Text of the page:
After that, he won nearly every time he entered, until he reached the age of 50 and Sophocles arrived on the scene. The two of them struggled back and forth for years for top honors. After the performance of his Roasters, 459 B. C. E. , he left home for Sicily, perhaps in response to the growing power of the democracy (toward which he had nuanced views), and was killed, says one story, by an eagle dropping a tortoise on his bare skull. The Sicilians honored him with a splendid monument.

A century later, the Athenians, on the motion of the orator Ulcerous, placed a brazen statue of him, as well as of Sophocles and Euripides, in the theater. His tragedies, like those of Sophocles and Euripides, were preserved in a special standard copy to guard them against arbitrary alterations. I In 458 B. C. E. , he composed the Roasters, a trilogy of which we will be reading the first and last parts. The story recounts the murder of Agamemnon on his return home from the Trojan War, Rooster’ revenge by murdering his own mother and her lover, and finally Rooster’ run-in with justice.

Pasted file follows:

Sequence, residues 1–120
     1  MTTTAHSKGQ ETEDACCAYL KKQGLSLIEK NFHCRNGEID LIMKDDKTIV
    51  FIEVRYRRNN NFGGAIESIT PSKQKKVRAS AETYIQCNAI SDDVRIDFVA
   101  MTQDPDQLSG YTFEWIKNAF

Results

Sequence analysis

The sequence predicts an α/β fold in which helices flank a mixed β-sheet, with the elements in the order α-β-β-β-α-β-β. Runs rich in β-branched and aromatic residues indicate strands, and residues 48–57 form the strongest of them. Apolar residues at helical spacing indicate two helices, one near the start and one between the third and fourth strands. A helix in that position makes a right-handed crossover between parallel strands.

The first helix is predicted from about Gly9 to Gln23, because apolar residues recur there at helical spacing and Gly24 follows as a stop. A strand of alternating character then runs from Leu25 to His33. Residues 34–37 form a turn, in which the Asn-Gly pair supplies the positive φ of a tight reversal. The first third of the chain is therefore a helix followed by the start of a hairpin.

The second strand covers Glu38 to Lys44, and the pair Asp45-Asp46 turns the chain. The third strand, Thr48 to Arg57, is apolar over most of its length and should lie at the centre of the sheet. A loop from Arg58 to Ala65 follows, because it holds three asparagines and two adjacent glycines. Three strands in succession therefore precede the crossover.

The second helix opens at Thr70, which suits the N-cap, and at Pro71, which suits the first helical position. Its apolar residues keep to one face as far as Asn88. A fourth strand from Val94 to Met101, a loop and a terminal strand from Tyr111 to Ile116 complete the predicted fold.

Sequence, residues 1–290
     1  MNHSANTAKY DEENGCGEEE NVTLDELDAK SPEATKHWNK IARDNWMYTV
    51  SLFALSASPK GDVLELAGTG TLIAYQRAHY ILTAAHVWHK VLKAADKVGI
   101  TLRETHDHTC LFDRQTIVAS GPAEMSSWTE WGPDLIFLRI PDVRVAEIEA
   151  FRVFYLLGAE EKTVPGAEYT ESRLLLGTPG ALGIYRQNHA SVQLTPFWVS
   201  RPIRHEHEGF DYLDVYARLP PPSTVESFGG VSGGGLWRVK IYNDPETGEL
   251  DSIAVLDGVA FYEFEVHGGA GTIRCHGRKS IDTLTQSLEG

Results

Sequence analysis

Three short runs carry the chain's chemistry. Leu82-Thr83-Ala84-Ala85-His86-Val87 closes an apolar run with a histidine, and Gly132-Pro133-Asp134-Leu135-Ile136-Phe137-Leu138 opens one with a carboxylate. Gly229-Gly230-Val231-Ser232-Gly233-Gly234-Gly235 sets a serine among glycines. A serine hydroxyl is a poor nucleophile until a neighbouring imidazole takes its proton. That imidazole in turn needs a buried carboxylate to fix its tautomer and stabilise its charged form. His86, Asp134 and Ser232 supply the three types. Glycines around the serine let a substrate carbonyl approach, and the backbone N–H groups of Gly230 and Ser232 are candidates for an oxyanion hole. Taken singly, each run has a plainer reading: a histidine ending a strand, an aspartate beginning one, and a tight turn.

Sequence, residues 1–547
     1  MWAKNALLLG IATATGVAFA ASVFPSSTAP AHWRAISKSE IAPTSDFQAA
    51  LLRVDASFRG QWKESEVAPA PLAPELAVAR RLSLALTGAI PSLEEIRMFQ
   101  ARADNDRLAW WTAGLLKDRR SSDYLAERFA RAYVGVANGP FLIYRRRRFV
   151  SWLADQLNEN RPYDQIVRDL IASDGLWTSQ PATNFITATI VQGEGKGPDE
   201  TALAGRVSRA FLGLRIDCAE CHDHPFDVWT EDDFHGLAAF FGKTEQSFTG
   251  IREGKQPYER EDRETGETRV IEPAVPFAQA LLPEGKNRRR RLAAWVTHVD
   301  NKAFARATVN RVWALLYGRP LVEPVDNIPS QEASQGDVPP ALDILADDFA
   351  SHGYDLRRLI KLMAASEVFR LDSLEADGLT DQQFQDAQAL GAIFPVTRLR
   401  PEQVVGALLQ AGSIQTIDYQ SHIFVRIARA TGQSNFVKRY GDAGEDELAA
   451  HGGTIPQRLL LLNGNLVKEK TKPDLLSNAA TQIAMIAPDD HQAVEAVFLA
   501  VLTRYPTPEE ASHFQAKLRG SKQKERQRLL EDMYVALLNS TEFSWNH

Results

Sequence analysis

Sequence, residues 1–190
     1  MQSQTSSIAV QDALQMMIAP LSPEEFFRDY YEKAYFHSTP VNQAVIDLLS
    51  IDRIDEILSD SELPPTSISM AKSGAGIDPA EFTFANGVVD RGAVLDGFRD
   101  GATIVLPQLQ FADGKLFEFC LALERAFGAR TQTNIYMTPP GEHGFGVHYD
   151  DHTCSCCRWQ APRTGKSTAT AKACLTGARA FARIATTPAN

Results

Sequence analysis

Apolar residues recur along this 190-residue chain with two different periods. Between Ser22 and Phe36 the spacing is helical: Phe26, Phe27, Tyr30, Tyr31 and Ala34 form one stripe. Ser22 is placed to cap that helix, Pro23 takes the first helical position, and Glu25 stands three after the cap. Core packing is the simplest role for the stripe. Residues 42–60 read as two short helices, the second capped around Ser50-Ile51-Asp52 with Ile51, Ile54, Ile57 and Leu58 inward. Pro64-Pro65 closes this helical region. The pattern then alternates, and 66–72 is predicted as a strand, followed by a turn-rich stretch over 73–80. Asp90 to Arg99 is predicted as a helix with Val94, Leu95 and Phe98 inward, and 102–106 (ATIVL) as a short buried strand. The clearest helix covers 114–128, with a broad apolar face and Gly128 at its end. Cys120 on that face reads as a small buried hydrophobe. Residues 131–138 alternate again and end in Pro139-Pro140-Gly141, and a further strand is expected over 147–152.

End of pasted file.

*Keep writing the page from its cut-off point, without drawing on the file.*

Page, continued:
Probably his final work performed at Athens, it gives us an idea of the whole artistic conception of the poet, and must be looked upon as one of the greatest works of art ever produced. The style is marked by sublimity and majesty and is characterized by strong, sonorous words, an accumulation of epithets, and a profusion of bold metaphors and similes. His view of the universe reveals a profoundly philosophic mind and a heartfelt piety, which conceives of the gods as powers working in the interest of morality. The plots of his plays are simple and economical, and small details in the language are often freighted with significance.